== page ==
Published 13 months ago by Toffee
5.0 out of 5 stars The guide to string theory for the educated non-specialist.
Use of the word Idiot is just an attention-grabber of course. The author leads you with minimum difficulty to a satisfying basic knowledge of strings, if you are a pretty... Read more
Published 15 months ago by James Bonhamton
3.0 out of 5 stars i'm still looking
not enough math for me. i've studied ordinary quantum field theory and although it's too difficult for me to do anything with, at least i can see how it works. Read more
Published 17 months ago by cecil lubitz
5.0 out of 5 stars Most interesting.
Easy to understand. The author was very sucesseful in changhing a very difficult subjet in a readble and intriguing book.
Published 19 months ago by alceu
5.0 out of 5 stars It's about a theory people
It's about a theory people, not written for a Ph.D, gives a great general view over a whole range of topics leading up to String Theory
Published 22 months ago by Dan Tommy
3.0 out of 5 stars A Terse Introduction to String Theory
In this book, George Musser has made an attempt to introduce the concept of string theory to the masses; however, I don't think this "idiot's guide" really accomplishes that goal. Read more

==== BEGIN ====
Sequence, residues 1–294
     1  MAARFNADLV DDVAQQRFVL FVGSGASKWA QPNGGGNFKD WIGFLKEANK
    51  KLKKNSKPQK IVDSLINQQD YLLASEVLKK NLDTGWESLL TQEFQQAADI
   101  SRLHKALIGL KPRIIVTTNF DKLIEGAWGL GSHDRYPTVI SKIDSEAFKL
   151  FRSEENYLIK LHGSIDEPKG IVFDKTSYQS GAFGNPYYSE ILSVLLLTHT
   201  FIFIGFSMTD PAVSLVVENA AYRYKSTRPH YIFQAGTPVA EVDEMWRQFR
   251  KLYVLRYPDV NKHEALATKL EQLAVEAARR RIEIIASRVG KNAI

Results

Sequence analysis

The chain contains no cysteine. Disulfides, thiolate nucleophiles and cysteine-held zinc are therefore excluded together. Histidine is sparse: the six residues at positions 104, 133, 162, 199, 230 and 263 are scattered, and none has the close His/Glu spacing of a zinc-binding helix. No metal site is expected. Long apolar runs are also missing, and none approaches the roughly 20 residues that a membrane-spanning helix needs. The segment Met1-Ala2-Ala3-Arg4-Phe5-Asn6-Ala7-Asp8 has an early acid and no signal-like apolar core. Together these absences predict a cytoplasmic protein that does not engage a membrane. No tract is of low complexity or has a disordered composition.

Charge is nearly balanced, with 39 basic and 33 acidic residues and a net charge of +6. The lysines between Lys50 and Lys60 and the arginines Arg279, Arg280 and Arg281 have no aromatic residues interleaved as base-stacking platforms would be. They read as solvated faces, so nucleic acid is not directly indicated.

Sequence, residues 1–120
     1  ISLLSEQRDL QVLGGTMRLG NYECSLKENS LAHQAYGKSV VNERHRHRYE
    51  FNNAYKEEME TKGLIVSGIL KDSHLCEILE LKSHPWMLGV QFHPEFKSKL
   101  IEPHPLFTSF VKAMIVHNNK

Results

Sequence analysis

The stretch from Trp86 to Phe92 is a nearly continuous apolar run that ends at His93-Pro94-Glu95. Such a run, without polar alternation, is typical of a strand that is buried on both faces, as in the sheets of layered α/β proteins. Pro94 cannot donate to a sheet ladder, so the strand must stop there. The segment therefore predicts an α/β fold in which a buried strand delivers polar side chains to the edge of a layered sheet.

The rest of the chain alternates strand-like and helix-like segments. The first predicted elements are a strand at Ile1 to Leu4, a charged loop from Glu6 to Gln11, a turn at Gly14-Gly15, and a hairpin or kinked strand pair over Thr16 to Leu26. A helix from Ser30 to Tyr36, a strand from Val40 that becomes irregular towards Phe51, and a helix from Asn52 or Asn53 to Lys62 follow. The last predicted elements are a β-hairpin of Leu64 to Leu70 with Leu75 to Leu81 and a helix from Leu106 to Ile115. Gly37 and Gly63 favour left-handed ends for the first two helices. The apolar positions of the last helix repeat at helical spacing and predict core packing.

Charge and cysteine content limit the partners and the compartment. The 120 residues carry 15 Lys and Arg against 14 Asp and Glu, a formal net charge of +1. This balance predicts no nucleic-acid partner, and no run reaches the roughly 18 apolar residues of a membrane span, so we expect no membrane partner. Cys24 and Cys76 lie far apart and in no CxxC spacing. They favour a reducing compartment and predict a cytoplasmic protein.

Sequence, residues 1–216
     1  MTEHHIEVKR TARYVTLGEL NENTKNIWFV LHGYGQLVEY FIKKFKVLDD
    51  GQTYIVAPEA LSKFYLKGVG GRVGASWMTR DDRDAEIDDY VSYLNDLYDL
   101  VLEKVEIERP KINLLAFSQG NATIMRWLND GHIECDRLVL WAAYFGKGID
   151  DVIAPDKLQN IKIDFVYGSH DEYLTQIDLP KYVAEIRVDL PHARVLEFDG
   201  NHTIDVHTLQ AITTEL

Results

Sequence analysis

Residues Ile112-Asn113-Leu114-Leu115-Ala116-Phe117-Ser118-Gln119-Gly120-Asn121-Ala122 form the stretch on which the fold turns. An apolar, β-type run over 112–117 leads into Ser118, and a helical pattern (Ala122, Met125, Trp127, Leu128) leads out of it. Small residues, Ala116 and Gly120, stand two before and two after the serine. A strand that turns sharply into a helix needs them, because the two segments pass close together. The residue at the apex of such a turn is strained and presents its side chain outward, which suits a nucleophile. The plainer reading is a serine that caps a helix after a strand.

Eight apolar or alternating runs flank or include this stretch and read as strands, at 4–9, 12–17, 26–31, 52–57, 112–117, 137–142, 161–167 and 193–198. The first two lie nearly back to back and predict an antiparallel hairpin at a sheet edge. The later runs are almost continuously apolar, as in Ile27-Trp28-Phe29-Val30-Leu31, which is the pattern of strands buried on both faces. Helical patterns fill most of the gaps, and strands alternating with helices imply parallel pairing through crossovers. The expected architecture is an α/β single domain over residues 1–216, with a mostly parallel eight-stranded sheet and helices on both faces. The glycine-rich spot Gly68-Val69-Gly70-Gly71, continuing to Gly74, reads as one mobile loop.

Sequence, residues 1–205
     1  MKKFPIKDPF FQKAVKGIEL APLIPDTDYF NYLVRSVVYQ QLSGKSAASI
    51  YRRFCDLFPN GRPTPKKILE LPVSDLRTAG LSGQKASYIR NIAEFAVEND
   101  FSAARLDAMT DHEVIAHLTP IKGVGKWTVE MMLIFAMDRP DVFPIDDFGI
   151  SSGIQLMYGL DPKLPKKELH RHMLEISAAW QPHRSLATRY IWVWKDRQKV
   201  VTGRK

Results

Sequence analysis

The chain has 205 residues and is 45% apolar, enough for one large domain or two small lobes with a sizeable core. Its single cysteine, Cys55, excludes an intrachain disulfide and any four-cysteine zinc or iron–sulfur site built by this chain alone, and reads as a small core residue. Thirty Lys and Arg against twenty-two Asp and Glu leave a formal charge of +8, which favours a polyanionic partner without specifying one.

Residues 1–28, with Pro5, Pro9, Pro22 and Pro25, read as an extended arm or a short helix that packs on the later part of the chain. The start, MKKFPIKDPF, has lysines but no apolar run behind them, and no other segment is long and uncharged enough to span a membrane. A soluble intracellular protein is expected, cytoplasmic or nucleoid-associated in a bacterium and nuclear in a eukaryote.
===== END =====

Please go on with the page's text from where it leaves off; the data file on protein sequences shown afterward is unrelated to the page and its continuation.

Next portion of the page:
Published on January 31, 2012 by Randolph Eck
2.0 out of 5 stars Truly idiots gyude
I found the book disappointing, I had hoped it would simplify some of the more complex ideas of string theory, but felt it was so general it really had little to teach so Im not... Read more
Published on January 13, 2012 by noeon
2.0 out of 5 stars Why is the hard copy less money -- $12.89?
My rating of this book is not based on having bought and read it. My rating is based on the higher price for the Kindle edition. Read more
Published on October 26, 2010 by Dennis Rogers
2.0 out of 5 stars Book doesn't follow progression
The book seems to jump around too much from one chapter to another. It starts you with the basics, then it goes off onto tangents, I can't quite explain it but if you knew nothing... Read more
Published on April 28, 2010 by J. Robson
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More About the Author

George Musser is a senior editor for Scientific American magazine in New York. He is the recipient of the 2011 Science Writing Award from the American Institute of Physics and the 2010 Jonathan Eberhart Planetary Sciences Journalism Award of the American Astronomical Society. He was the originator and one of the lead editors for the single-topic issue "A Matter of Time" in September 2002, which won a National Magazine Award for editorial excellence, and coordinated the single-topic issue "Crossroads for Planet Earth" in September 2005, which won a Global Media Award from the Population Institute and was a National Magazine Award finalist. Musser did his undergraduate studies in electrical engineering and mathematics at Brown University and his graduate studies in planetary science at Cornell University, where he was a National Science Foundation Graduate Fellow. His thesis work modeled mantle convection on Venus in order to explain broad plateaus known as coronae.